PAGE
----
As we all know, good Christians tithe.
And really good Christians tithe on their gross.
Which is interesting, in that tithing was prescribed for an agrarian society where they primarily tithed on animals and crops.
Of course, you had to tithe to the Lord's accredited representatives, which meant the priesthood and the temple.
How all this translates across to cheques, automatic bank deductions, ATMs in church foyers and non-levitical preachers with their manicured hands stretched out to garner the Lord's increase is a bit of a mystery. I mean, where do they get the authority to do that?
And could somebody please explain to me why Jews today - in the absence of a central temple and priesthood - don't tithe? Oh, hang on, no temple or priesthood... yeah, I get it.
Then, there's also the uncomfortable fact that, even when the Jerusalem temple was standing, Jews in the diaspora didn't tithe. There was no point. How were they supposed to get all that perishable produce back to Jerusalem? Instead there was a custom called the 'temple tax' (based on Exodus 30:13).
Monetary tithing 21st century style? Didn't happen.
Somehow this simple logic seems to have escaped the prosperity preachers who happily get prosperous by laying a non-biblical tithing burden on their credulous flocks. They, naturally, don't want ten percent of the potatoes in your back yard garden. They want currency!
To be brutally frank, the tithing merchants target vulnerable, often poorly educated people, high on aspiration but low on worldly nous. That's not a put down; after all I once bought into that whole empretzeled proof text method too.
This reality was brought home to me just this Sunday morning as I drove past the local UCKG 'Help Centre' (an incongruous name if ever there was one) as worshipers were leaving. UCKG is a Brazilian-based tithing sect, and the good folk emerging from the building were clearly not at the top end of the socioeconomic demographic. On their website it states: "The tithe is ten percent (10%) of all income, and it belongs to God. This is a very ancient practice followed by God-fearing people everywhere."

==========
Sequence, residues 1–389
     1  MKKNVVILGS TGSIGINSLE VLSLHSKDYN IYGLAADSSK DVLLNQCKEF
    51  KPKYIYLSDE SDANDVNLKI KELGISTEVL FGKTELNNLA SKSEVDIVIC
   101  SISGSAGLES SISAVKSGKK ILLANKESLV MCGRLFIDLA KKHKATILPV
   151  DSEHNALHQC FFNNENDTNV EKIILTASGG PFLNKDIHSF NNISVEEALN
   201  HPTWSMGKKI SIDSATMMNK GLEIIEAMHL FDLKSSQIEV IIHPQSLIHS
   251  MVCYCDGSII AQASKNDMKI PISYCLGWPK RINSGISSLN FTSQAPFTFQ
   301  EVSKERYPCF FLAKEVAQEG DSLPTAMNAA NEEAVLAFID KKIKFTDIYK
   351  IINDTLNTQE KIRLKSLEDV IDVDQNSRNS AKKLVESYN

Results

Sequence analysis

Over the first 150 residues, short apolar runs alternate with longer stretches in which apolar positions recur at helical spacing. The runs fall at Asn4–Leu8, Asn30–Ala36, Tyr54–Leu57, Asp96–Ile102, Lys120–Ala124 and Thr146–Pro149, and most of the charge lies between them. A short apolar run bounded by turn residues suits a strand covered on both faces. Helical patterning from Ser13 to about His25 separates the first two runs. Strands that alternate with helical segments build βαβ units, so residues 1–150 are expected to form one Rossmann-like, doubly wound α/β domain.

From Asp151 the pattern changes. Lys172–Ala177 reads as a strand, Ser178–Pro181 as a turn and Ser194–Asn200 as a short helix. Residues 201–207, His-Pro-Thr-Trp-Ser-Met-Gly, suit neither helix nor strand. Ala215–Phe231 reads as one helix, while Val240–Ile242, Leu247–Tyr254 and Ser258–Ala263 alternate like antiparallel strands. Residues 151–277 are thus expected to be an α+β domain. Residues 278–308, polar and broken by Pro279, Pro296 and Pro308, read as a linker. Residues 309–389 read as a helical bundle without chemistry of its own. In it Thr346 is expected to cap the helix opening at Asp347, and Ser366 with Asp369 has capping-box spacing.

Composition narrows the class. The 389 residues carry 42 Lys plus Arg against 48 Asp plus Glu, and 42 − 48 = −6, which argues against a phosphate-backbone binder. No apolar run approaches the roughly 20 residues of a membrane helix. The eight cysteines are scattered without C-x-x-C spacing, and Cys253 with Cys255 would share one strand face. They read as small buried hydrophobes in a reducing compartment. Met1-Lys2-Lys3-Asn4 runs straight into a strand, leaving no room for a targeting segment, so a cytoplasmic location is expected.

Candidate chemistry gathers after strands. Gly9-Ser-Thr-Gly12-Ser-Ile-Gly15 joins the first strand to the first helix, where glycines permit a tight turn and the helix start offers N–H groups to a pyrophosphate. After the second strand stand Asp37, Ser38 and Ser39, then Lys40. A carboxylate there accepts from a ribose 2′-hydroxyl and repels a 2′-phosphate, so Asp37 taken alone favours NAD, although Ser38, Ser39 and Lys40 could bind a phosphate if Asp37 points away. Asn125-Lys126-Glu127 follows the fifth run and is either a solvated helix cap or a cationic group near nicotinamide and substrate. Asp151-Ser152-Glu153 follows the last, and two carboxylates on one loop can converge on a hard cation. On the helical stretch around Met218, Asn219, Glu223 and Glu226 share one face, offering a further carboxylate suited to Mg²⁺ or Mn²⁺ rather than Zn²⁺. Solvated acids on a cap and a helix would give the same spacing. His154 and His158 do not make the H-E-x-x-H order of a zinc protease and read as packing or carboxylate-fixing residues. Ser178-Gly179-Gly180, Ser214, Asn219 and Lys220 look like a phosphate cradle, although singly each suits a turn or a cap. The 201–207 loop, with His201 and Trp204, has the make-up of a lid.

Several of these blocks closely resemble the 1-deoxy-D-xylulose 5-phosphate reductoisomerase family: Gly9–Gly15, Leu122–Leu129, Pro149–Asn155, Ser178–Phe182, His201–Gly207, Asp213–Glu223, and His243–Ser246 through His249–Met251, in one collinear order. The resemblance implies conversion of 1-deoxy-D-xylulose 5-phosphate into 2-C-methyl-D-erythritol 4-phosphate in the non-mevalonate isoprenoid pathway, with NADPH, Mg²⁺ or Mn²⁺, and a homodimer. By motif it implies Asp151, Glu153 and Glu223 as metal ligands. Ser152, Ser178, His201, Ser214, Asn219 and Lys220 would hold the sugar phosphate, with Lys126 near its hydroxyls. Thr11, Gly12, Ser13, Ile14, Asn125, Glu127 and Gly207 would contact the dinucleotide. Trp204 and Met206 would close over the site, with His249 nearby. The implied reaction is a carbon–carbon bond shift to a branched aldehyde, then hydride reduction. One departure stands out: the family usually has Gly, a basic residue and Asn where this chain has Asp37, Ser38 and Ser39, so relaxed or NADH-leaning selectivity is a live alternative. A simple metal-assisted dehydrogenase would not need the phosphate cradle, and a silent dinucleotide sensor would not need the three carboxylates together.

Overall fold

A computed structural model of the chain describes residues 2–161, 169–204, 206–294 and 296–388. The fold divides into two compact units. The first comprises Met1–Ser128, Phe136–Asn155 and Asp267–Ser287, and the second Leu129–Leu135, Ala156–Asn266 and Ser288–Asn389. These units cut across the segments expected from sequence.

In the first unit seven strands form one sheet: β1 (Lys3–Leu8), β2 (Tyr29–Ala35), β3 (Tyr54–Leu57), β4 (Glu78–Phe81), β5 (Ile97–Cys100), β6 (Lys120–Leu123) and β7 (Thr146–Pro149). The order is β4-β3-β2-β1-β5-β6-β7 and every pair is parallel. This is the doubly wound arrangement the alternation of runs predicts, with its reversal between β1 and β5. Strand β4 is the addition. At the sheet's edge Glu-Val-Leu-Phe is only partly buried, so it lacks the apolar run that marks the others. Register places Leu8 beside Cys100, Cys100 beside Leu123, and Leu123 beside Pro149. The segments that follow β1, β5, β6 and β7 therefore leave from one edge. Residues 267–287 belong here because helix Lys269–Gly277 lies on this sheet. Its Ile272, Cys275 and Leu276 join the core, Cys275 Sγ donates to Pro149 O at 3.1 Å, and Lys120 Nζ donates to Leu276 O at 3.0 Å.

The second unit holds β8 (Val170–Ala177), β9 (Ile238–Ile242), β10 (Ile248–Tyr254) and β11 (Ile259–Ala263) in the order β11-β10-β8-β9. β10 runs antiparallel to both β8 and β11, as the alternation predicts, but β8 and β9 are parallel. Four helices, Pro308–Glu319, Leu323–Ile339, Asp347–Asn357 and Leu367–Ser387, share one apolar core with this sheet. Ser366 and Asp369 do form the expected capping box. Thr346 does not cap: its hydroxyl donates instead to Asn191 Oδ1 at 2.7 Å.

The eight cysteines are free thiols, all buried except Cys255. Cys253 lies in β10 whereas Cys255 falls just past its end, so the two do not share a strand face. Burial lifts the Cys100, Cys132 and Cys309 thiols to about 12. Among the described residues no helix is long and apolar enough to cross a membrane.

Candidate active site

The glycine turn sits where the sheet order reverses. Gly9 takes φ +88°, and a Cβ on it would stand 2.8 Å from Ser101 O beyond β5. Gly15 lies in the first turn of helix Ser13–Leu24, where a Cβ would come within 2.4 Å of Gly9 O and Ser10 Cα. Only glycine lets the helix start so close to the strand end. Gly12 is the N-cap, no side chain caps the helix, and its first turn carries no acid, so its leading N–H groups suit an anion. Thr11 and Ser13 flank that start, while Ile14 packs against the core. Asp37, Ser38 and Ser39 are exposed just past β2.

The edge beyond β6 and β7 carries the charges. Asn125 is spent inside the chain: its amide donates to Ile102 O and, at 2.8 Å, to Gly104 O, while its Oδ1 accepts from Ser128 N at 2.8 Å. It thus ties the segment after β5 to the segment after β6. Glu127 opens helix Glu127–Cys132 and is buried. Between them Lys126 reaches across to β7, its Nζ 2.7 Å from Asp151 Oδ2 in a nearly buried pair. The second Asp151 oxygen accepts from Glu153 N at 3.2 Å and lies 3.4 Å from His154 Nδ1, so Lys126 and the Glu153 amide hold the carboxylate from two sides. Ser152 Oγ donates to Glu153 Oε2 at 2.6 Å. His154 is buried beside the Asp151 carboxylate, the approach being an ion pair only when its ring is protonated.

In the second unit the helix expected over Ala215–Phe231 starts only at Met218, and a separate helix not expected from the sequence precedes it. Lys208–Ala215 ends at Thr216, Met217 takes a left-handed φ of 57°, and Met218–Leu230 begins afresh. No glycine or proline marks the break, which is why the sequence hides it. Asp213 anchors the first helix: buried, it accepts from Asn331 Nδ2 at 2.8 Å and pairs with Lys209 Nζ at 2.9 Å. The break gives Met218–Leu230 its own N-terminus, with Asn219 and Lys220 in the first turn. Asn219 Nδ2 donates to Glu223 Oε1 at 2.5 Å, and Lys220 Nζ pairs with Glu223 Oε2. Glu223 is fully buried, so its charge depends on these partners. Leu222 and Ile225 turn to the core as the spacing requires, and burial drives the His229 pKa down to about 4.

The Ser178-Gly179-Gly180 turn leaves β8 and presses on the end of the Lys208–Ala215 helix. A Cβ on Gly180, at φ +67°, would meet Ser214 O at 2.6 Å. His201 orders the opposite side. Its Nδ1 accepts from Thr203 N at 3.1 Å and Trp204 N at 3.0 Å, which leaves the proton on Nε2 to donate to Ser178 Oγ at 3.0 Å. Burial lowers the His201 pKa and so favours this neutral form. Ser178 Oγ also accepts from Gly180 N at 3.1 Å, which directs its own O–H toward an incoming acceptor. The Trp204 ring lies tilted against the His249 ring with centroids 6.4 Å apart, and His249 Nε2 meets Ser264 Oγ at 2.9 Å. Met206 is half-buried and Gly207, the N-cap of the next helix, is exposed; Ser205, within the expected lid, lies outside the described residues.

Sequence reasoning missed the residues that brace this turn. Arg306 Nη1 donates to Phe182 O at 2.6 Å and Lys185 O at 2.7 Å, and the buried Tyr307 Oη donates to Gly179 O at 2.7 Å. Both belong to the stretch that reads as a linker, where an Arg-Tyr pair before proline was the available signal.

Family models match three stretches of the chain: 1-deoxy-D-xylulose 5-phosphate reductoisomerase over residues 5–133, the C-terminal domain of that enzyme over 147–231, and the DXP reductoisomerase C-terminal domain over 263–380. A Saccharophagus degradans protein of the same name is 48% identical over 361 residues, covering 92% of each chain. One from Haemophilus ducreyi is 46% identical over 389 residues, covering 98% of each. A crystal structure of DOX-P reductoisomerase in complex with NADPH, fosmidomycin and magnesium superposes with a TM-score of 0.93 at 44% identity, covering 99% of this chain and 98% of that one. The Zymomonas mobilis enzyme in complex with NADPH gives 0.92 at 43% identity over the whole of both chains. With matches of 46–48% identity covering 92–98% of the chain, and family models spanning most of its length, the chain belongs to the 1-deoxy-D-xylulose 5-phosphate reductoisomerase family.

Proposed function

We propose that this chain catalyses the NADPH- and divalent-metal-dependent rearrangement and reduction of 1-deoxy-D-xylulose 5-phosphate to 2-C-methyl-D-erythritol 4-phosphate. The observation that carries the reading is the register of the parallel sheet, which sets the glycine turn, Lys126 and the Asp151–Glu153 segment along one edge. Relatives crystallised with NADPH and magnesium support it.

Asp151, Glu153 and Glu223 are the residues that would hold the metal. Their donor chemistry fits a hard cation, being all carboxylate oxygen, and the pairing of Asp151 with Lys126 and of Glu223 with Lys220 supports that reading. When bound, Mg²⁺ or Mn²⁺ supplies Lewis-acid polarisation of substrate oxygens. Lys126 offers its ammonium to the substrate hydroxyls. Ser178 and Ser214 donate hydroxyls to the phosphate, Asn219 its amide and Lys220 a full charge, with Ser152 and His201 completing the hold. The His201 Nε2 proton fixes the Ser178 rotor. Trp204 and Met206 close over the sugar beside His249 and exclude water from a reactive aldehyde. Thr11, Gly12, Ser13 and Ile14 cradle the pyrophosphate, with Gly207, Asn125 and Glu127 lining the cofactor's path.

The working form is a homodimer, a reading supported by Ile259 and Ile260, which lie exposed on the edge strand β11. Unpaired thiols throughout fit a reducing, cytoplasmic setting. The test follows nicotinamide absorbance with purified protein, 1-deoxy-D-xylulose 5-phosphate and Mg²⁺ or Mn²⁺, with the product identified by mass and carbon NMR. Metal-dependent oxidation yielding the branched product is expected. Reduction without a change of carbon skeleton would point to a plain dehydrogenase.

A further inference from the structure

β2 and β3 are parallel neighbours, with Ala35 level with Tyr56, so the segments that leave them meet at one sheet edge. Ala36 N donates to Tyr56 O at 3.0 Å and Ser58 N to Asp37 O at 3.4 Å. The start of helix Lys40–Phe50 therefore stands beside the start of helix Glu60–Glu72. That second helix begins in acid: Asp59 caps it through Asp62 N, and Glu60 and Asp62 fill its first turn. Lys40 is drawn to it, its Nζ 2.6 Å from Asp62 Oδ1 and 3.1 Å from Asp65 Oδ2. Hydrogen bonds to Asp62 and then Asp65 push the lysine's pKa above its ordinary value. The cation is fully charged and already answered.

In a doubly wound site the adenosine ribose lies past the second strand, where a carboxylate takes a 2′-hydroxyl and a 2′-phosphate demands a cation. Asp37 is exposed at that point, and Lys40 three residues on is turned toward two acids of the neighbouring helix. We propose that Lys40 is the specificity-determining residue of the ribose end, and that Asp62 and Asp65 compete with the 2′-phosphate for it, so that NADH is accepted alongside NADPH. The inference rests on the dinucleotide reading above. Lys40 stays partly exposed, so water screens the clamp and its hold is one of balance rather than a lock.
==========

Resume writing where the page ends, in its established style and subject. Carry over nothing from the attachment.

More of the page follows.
Well, actually not.
I have the late Ernest L. Martin to thank for first exploding the tithing myth for me. Martin was a professor of theology at Ambassador College, Pasadena. He walked from there in the 1970s, setting up his own ministry and publishing, among other things, an influential rebuttal of tithing as a Christian practice. A version of his booklet is still available online.
The problem was that Martin was still at heart an apologist with a pre-critical understanding of the Bible. That was no bad thing when communicating with like-minded folk, like myself, who shared that approach. But the years have rolled by, and hopefully those of us who were alive and kicking back then have all grown and matured a bit. The old biblicist assumptions no longer hold sway over many of us now, so, what about the tithing question once we've stripped away the fundamentalist mind set?
All of which is a lead-in to a posting by Scott Bailey on his Scotteriology blog. It sets the scene in the province of Yehud in the days Malachi, and of Persian imperial policy. There's a lengthy background (a bit tedious but necessary) in setting out the political realities of Malachi's time (and that oft quoted verse in Malachi 3:10). If you don't feel up to the detail we can skip all the way to the conclusion:
...these texts come from a certain socio-historical and cultural context. To try and take them and make them normative for today doesn’t just misunderstand the original context and intent of the text, it misuses it for alternative purposes.Which just about says it all.